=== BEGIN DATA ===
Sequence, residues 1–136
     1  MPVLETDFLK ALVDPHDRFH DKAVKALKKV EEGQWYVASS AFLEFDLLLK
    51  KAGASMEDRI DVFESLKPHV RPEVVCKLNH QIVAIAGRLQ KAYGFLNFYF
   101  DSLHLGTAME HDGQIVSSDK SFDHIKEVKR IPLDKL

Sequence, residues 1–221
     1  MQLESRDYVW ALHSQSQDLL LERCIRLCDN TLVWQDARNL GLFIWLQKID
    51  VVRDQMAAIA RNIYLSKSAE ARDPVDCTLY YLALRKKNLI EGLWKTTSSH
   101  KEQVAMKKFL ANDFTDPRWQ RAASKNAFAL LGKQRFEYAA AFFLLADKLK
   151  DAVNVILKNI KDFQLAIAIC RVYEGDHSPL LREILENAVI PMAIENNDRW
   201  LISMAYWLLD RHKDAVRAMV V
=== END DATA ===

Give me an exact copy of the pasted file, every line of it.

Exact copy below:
Sequence, residues 1–136
     1  MPVLETDFLK ALVDPHDRFH DKAVKALKKV EEGQWYVASS AFLEFDLLLK
    51  KAGASMEDRI DVFESLKPHV RPEVVCKLNH QIVAIAGRLQ KAYGFLNFYF
   101  DSLHLGTAME HDGQIVSSDK SFDHIKEVKR IPLDKL

Sequence, residues 1–221
     1  MQLESRDYVW ALHSQSQDLL LERCIRLCDN TLVWQDARNL GLFIWLQKID
    51  VVRDQMAAIA RNIYLSKSAE ARDPVDCTLY YLALRKKNLI EGLWKTTSSH
   101  KEQVAMKKFL ANDFTDPRWQ RAASKNAFAL LGKQRFEYAA AFFLLADKLK
   151  DAVNVILKNI KDFQLAIAIC RVYEGDHSPL LREILENAVI PMAIENNDRW
   201  LISMAYWLLD RHKDAVRAMV V